the authors of a publication. As a practical matter, the author designated in the publication as the corresponding author should be responsible for identifying which coauthor has the materials and other information requested by a third party and should confirm that they are provided when requests are made.

Workshop participants expressed a variety of views of how the scientific community can encourage authors to comply with their obligation to share. Several panelists emphasized that researchers should first take an informal, one-on-one approach to resolve compliance issues, because an initial lack of a response of an author to a request does not necessarily indicate ill intent. Requestors should first consider simple measures, such as telephoning an author to determine why he or she did not respond to a request, and seek resolution before expanding a dispute to involve other parties.

Institutions involved in the scientific enterprise—including journal editorial offices, universities, and funding organizations—should also assume some responsibility for ensuring that authors make available the resources that will enable other researchers to replicate, verify or refute, and build on reported results. If it becomes necessary for a requestor to move beyond straightforward overtures to a paper’s authors, most of the workshop participants agreed that journals should assume primary responsibility for enforcement.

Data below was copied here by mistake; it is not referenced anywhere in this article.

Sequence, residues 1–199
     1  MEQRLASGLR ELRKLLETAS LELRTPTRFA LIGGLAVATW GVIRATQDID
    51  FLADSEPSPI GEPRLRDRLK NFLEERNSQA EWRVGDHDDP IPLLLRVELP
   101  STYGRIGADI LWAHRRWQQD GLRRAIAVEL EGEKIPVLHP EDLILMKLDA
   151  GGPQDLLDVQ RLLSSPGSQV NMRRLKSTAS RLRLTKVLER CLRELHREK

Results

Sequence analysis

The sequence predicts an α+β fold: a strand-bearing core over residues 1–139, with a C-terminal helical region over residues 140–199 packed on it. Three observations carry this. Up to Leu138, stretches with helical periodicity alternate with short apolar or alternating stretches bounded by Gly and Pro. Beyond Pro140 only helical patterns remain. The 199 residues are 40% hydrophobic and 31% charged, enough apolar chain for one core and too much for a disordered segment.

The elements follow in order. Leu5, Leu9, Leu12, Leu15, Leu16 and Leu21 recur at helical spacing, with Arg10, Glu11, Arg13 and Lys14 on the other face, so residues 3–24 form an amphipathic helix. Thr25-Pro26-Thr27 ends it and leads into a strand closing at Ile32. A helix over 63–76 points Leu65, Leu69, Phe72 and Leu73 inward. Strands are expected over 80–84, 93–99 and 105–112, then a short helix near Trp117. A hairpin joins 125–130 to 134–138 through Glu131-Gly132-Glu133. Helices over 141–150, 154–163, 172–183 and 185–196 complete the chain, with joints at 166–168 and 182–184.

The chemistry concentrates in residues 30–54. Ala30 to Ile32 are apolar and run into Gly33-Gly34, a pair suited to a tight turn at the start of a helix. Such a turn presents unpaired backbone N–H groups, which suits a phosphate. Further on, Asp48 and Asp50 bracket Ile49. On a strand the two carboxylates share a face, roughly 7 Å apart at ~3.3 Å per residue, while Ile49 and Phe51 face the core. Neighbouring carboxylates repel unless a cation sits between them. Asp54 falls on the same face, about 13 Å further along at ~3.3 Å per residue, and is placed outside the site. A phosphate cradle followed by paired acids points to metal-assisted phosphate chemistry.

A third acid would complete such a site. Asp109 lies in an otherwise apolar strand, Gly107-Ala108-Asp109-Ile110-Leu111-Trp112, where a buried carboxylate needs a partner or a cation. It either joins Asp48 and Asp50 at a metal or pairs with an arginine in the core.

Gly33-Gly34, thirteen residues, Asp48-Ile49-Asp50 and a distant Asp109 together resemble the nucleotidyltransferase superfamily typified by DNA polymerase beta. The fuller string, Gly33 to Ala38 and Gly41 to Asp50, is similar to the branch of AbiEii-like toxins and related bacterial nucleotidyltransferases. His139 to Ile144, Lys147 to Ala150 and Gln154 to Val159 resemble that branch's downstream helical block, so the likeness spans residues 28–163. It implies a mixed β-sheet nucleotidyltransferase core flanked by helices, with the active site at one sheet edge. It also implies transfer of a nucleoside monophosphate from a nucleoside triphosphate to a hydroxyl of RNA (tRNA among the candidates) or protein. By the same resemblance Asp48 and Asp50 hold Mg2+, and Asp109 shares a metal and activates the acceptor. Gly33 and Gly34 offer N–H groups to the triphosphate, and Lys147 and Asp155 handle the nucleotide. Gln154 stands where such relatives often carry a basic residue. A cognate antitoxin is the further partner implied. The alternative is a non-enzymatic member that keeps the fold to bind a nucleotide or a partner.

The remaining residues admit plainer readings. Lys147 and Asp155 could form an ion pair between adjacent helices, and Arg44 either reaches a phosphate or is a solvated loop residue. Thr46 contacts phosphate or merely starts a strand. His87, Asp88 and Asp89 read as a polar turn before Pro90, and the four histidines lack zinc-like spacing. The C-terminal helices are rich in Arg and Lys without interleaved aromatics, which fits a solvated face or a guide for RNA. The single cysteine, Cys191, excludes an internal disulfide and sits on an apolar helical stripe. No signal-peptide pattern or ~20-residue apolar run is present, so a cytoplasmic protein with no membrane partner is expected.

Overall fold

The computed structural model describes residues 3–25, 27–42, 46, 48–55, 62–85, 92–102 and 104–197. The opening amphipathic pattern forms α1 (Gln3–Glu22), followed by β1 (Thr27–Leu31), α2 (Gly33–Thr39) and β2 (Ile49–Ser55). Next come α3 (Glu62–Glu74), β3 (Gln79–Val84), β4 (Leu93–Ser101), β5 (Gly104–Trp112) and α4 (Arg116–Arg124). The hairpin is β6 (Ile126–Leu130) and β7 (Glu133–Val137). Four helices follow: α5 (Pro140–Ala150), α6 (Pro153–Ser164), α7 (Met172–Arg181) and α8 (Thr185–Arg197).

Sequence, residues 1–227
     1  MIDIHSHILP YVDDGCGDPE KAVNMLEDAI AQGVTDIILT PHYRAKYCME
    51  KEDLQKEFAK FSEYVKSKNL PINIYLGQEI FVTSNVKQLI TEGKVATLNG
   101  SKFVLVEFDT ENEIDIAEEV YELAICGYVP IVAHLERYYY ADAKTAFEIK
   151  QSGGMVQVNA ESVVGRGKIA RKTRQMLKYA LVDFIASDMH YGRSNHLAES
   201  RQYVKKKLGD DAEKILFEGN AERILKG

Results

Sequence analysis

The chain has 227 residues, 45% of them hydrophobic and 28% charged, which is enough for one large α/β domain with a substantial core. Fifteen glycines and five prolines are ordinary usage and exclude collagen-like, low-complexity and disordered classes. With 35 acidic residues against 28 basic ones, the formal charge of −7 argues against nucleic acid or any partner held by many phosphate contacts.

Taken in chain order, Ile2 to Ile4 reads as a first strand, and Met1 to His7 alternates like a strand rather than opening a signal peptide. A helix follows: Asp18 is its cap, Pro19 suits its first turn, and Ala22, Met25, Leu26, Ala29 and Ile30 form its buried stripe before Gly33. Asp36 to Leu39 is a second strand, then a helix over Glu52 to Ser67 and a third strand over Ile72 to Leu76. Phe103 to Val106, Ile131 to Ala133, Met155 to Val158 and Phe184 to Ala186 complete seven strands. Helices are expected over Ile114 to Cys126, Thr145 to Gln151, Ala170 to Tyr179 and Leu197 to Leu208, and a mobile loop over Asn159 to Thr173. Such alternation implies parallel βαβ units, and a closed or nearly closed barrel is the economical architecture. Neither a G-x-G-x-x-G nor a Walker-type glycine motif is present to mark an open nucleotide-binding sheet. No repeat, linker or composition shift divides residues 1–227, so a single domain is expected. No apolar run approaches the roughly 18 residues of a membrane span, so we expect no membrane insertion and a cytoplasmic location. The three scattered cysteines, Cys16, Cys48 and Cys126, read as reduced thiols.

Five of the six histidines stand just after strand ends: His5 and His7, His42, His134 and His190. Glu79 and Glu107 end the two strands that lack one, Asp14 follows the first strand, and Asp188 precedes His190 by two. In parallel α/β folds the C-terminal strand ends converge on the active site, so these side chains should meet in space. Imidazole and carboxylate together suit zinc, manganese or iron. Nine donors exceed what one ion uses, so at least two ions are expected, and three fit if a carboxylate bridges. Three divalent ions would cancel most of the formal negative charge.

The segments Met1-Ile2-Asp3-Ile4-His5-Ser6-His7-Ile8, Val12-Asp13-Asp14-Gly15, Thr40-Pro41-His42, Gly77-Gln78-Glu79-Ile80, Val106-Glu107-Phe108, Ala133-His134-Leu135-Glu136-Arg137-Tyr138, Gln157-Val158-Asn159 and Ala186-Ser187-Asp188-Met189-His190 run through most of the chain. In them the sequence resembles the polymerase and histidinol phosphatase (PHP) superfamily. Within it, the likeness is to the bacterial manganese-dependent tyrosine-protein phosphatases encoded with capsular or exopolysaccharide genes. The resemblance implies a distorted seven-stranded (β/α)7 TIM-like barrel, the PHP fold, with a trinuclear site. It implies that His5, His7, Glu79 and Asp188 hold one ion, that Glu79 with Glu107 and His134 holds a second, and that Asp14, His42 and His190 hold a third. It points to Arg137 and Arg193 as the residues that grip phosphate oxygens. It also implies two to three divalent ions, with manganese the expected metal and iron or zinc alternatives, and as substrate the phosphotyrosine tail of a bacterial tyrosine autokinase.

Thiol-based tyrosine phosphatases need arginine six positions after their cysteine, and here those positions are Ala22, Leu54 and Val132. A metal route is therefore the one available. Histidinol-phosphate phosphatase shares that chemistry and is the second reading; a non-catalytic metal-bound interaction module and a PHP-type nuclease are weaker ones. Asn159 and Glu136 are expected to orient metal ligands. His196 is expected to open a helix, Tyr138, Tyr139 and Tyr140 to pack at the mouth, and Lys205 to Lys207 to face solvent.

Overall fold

It is not known how many instances of noncompliance are ever brought to the attention of journal editors or other external authorities. However, with respect to cases that are reported to journals, journal editors at the workshop reported a high rate of success in getting authors to share published materials and data, noting that a telephone call or letter from the editor-in-chief or managing editor to an author is often sufficient to resolve problems. Many journal editors stated their willingness to enforce standards of sharing, but one editor expressed concern about adjudicating complicated disputes over the sharing of data and materials, particularly those involving legal wrangling over intellectual property issues.

Sometimes an author might have the responsibility not to honor a request for published materials or data—for example, if bioterrorism is

The National Academies of Sciences, Engineering, and Medicine
500 Fifth St. N.W. | Washington, D.C. 20001

Copyright © National Academy of Sciences. All rights reserved.
Terms of Use and Privacy Statement